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Digestive Enzymes- Do They Really Help You Digest Gluten?

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About a week ago we published an article talking about what we should do when we’ve been “glutened”. If you haven’t read it yet, check it out here.

One of the things we mentioned in the article that is supposed to help you when you’ve been exposed to gluten is the use of digestive enzymes.

“Adding certain types of enzymes — enzymes your body might lack — enables more complete digestion, and will help to prevent symptoms from food intolerance, according to the enzymes’ marketing materials.” Says Jane Anderson from the website About.com. The companies that make and sell those enzymes base their science on this concept.

In other words, the enzymes will help your body break down the protein of gluten, allowing you to have a better digestion if you are exposed to gluten.

However, these digestive enzymes have not been clinically tested which means it hasn’t been able to assess their efficacy and safety in people with celiac disease and non-celiac gluten sensitivity.

According to Dr. Stefano Guandalini, professor of pediatrics and director of the University of Chicago Celiac Disease Center, “the amount of gluten that these would be able to digest is ridiculously low. For people with celiac disease, these are something to completely avoid.” (Source: Celiac.com)

Despite the fact that these enzymes have not been clinically tested and that experts say it can only digest a very low amount of the gluten protein, there are numerous reviews on the internet from users who say they prevent the nasty symptoms of gluten exposure.

As you know we are not doctors or health specialist of any kind, but judging by the concept of what enzymes do in our bodies we believe those enzymes can be helpful when we go out to eat and there is a risk of cross-contamination. We wouldn’t rely on them to have a slice of regular pizza, for example, specially if you have celiac disease.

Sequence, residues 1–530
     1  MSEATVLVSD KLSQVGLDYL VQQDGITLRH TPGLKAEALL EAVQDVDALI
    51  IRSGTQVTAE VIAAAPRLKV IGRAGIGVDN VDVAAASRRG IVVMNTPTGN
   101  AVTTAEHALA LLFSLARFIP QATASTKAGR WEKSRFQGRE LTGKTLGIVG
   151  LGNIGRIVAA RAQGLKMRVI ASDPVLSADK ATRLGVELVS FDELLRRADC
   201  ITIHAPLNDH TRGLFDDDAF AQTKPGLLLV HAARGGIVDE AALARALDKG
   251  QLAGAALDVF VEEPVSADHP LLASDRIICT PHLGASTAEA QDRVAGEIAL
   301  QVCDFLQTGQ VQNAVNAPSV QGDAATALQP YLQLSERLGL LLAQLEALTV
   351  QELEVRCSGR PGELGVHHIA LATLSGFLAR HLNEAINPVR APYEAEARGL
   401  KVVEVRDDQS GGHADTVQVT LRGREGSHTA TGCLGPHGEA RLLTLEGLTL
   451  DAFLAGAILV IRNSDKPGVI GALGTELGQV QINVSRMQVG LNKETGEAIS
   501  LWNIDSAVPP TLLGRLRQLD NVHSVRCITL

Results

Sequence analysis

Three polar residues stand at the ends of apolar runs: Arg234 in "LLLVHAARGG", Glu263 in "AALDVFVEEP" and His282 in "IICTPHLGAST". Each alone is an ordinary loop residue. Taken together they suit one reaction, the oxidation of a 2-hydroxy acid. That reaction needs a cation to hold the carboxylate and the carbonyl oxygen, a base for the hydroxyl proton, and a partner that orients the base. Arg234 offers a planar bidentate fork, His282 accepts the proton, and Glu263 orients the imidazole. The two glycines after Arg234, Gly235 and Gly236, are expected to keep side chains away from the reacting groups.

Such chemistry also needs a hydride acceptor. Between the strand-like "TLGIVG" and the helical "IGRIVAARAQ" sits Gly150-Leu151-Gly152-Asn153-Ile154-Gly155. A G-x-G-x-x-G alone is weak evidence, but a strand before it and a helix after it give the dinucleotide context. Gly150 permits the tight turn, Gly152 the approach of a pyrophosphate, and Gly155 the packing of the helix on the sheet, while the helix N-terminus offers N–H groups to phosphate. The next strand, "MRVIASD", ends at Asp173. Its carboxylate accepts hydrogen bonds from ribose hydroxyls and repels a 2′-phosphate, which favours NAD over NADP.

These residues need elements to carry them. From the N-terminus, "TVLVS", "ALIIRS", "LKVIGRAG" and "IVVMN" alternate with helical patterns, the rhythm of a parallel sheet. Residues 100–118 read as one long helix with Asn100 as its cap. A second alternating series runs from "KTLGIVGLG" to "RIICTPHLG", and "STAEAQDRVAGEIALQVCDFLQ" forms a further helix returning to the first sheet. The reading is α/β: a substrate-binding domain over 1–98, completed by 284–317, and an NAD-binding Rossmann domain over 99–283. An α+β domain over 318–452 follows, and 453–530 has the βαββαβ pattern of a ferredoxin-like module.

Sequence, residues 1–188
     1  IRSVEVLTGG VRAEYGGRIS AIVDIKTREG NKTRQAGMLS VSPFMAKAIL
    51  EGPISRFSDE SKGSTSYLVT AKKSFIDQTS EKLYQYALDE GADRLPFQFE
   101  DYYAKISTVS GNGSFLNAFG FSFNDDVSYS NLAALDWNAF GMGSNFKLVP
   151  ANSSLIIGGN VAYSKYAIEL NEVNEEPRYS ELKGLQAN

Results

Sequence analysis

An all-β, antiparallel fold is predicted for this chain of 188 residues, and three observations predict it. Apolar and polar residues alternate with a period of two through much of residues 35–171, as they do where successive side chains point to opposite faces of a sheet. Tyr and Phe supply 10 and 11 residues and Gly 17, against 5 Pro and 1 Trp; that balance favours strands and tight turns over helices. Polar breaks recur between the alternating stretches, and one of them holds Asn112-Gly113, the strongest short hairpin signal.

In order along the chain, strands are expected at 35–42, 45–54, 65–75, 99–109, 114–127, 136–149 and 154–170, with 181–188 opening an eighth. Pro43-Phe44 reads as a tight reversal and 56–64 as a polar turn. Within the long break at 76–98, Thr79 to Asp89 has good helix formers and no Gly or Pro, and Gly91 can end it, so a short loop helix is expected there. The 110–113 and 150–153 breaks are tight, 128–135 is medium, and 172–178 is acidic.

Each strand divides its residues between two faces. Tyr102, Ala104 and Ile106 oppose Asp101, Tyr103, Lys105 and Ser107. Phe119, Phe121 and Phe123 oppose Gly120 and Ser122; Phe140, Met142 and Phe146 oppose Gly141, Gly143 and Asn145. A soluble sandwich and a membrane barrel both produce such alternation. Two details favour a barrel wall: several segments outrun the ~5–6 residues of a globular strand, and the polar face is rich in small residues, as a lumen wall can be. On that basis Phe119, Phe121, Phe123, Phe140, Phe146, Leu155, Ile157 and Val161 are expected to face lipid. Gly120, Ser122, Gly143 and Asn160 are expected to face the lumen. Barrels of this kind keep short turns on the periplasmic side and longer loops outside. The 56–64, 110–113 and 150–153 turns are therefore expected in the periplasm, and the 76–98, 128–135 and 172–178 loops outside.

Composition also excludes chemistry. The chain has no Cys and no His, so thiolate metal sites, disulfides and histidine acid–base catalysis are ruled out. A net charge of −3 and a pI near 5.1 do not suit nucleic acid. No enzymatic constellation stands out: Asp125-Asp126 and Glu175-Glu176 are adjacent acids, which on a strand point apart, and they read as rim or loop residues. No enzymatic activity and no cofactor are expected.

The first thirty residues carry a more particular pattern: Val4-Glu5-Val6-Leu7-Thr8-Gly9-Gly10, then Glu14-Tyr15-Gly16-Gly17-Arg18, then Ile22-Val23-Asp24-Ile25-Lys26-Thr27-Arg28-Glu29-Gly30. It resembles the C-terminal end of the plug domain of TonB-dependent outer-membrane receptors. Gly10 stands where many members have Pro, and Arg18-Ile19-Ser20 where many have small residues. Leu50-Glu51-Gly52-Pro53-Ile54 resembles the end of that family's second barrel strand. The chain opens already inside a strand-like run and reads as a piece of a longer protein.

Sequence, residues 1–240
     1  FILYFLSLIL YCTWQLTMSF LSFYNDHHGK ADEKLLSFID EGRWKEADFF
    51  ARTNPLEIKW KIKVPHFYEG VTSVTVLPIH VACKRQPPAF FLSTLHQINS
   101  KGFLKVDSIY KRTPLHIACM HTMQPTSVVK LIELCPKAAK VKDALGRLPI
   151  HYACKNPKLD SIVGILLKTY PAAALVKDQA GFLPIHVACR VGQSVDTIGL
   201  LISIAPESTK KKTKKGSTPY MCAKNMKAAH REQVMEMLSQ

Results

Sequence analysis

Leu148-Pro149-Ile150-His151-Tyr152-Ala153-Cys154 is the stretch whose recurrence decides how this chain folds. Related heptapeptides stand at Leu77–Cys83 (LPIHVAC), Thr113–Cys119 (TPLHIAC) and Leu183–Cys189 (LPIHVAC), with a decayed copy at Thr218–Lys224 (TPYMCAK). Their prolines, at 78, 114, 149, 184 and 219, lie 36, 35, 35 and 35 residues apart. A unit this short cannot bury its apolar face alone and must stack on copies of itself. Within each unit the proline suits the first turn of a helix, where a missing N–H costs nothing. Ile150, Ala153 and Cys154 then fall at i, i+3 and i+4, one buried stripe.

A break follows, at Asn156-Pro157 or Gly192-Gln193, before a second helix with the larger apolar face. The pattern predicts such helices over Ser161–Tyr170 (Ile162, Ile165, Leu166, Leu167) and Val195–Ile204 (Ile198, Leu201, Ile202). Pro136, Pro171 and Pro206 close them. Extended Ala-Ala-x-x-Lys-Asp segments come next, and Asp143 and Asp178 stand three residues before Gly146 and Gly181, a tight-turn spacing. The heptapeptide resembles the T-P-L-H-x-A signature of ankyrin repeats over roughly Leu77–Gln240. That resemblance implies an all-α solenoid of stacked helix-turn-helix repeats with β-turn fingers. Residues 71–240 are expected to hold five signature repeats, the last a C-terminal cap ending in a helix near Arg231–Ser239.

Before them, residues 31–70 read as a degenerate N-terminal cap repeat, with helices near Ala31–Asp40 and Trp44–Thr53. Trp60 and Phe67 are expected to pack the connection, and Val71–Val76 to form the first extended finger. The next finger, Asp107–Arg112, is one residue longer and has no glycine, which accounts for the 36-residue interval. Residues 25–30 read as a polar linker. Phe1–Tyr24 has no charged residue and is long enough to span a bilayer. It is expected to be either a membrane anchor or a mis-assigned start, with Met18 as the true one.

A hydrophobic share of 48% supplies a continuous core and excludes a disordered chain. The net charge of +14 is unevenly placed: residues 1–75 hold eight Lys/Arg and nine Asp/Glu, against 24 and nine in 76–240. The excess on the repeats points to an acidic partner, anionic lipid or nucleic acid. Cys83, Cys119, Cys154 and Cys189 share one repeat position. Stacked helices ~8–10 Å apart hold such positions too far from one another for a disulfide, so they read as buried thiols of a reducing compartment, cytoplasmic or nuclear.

A customer from Amazon.com has left the following review on the Gluten Defense Enzyme:

If you have Celiac disease or anything severe, it should be noted that these aren’t for large amounts. I have severe reactions to gluten, even trace amounts make me very sick and these are really helpful. I’m not as nervous to eat in restaurants as I once was. They are excellent for when I go out to eat and am not sure of the food. I take them about ten minutes before I start eating and haven’t noticed any of the symptoms I get with even small amounts.”

Though, there are people satisfied with the enzymes we believe it’s important to point out that currently the only treatment for celiac disease is a completely gluten-free diet and that it can be very dangerous to assume these enzymes can replace your treatment.

To conclude, stick to your gluten-free diet and have the digestion enzymes with you when you are traveling or when you go out to eat. Don’t rely on Dr. Google, remember to consult your doctor before taking the enzymes.

Sources:

  • http://www.foodsmatter.com/allergy_intolerance/food_intolerance/articles/digestive_enzymes.html
  • http://health.usnews.com/health-news/blogs/eat-run/2013/04/23/digestive-enzymes-help-or-hype
  • http://theceliacmd.com/the-celiac-md-articles/are-supplements-to-digest-gluten-safe-and-useful/
  • http://www.celiac.com/articles/22726/1/Can-Enzyme-Supplements-Really-Break-Down-Gluten/Page1.html
  • http://celiacdisease.about.com/od/faqs/f/Digestive-Enzymes-Gluten.htm

 

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